When people think of urbanisation, gloomy imagery of cluttered streets, vistas blinded by curtains of smog and noisy, polluted daily life may come to mind. This is rather unfortunate as, according to UN projections, more than 68% of the global population will live in cities by 2050. Are we doomed to a dystopian, claustrophobic future then? The simple answer is no. In fact, if done properly, a drive to urbanisation may both benefit the average citizen and the environment as a whole tremendously. With this in mind let’s look at ways the Caribbean region can benefit from a push towards urbanisation.
More Food On Your Plate
Interestingly enough, according to Trading Economic nations like Trinidad and Tobago actually have a negative urban population growth rate. Instead, previously rural areas are increasingly being built up and settled, whether privately or through state housing schemes, effectively creating a spread out web of suburban communities. Ironically, this has led to complaints wherein some argue that fertile land better suited to farming ends up utilised for housing, or due to the rapid spread of development of houses, becomes next year’s new flood-prone flashpoint. With this in mind, the World Bank interestingly argues that urbanisation can be extremely positive for agriculture and the food you get on your plate.
Put simply, larger concentrations of the population centred in cities mean more land, available cheaply, that could be used for farming on a larger scale than was previously achievable. In the Caribbean where food security and geographical limits like size always present new challenges, this could be a mutually beneficial development. Urban populations would have larger selections of more affordable food while rural producers would have both high demand from a burgeoning market and affordable production rates to incentivize them. With a well thought out and planned initiative from the state level, the Caribbean can effectively secure a smooth, transitional development for itself over the long term.
Bettering The Environment and Economy
Since the dawn of the 21st century, many burgeoning and quickly developing Asian economies have experienced a massive surge in growth and, by extension, urbanisation. Though this has brought additional strains and development challenges, the Asian Development Bank(ADB) believes that it could also benefit the environment greatly as well. The most obvious reason is that less land would need to be cleared and destroyed for human settlement were more people to exist in concentrated urban sprawls. The second reason that presents itself is more economic. Populations being concentrated mean that less resource and finances would need to be expended to deliver services.
For example, rather than having to cater to commuters traveling long distances to work, or to receive a particular service, both public and private providers can concentrate and focus their activities. This means less vehicular emissions, particularly if an effective public transportation initiative is launched by the state. Additionally, companies such as internet services providers and other utilities would need to expend less resource, concentrate production and, according to the ADB, this would lead to elevated output levels.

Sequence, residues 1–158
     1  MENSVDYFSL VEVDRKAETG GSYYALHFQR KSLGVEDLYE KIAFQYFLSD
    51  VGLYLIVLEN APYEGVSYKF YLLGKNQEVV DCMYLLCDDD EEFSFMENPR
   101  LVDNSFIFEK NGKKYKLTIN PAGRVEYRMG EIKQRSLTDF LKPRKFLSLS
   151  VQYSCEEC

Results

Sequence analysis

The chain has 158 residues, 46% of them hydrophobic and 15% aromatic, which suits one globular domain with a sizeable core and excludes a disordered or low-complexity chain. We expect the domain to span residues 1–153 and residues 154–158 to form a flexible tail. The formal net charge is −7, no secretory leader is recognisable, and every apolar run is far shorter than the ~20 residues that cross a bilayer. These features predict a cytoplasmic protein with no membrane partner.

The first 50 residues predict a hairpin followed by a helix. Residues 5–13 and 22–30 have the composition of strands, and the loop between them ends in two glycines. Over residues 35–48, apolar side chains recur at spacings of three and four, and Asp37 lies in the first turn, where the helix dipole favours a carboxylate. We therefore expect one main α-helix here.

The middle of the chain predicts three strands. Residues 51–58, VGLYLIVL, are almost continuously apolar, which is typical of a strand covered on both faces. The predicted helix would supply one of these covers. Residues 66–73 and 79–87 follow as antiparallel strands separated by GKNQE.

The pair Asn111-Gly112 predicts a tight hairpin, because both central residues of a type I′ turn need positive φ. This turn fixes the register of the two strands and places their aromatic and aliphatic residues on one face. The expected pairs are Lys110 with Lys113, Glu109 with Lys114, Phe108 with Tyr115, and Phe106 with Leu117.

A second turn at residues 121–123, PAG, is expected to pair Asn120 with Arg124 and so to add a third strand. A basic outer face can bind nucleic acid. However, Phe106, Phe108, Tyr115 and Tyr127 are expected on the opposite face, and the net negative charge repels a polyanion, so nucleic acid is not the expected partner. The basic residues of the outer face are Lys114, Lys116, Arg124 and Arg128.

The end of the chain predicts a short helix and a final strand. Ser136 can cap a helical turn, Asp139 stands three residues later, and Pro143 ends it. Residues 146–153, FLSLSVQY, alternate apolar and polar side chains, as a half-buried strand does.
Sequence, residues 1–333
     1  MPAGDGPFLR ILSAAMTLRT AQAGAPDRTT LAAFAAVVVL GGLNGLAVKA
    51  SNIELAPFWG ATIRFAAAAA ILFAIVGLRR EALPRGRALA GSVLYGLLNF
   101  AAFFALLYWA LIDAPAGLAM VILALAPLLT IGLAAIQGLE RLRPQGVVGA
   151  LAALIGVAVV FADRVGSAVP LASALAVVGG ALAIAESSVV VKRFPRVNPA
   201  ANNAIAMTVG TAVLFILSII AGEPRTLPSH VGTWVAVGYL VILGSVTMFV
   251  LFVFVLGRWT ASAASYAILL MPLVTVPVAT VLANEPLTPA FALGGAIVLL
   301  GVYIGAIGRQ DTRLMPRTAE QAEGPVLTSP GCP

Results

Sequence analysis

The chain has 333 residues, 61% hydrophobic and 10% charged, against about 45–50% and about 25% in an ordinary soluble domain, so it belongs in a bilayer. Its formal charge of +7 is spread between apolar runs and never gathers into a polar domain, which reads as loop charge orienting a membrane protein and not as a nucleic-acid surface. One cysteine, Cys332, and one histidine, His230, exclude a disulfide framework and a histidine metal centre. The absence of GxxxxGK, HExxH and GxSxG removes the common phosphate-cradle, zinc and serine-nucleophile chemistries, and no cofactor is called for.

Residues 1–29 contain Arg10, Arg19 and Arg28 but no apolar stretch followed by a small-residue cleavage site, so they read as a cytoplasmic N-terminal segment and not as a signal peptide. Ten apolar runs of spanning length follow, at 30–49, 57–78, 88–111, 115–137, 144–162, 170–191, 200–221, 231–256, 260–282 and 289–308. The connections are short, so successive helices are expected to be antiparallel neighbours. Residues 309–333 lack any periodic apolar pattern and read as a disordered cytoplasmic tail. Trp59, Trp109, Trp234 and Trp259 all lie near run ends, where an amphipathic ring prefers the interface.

According to 2018 World Bank figures, 80% of the world’s GDP comes from its cities. This massive productivity boost afforded by urbanisation comes from the increasingly concentrated nature of large scale activity and ease of access it affords. Furthermore, large populations in a smaller area mean larger target markets for businesses and therefore, greater profits. This financial incentive means that an urban nation can see state intervention and spending in the economy scale back, further allowing better revenue flows both from savings and taxation. Indeed, most of the world’s small ‘miracle’ economies such as Singapore, Dubai and Hong Kong have all emerged from an urban, free-market landscape like this.
The Caribbean Benefits
Urban, consumer-based economies would also allow the Caribbean to escape its curse of economic monoculture and the fragility which comes with this. Consequently, greater access to goods and services is an economically proven way to improve living standards and affordability. While this seems to be happening naturally for some Caribbean economies, others may have to stimulate it provided the political will exists. This would involve the obvious matter of tax incentives, urban planning and improving the attractiveness of urban living through the aforementioned benefits that come with concentrated commerce. Furthermore, it would definitely mandate economic policy aimed at encouraging affordable housing.
Did you know urbanisation can benefit tourism as well? For example, a more open, rural landscape would allow easy opportunities for the development of ecotourism. Each island boasts a unique mix of flora and fauna, some only native to there. A proper private-public partnership in this area would allow any island to both preserve its environmental longevity while earning valuable foreign exchange from the endeavour.
It’s worth noting that while so many benefits exist for an urbanised Caribbean state, this alone may not be enough incentive to spur such a movement. For example, many politicians may be loath to pursue such a movement, particularly if their key support bases are geographically centred in certain areas, especially where ethnically divided voting patterns exist. A heavily concentrated urbanised population may be seen as a threat to securing seats and, unless the electoral process is heavily slanted in favour of say, a proportional representative system, then odds are political will for urbanisation will be severely lacking. Regardless, the benefits are monumental and both private and public interest groups would be well justified in advocating for long term future urbanisation.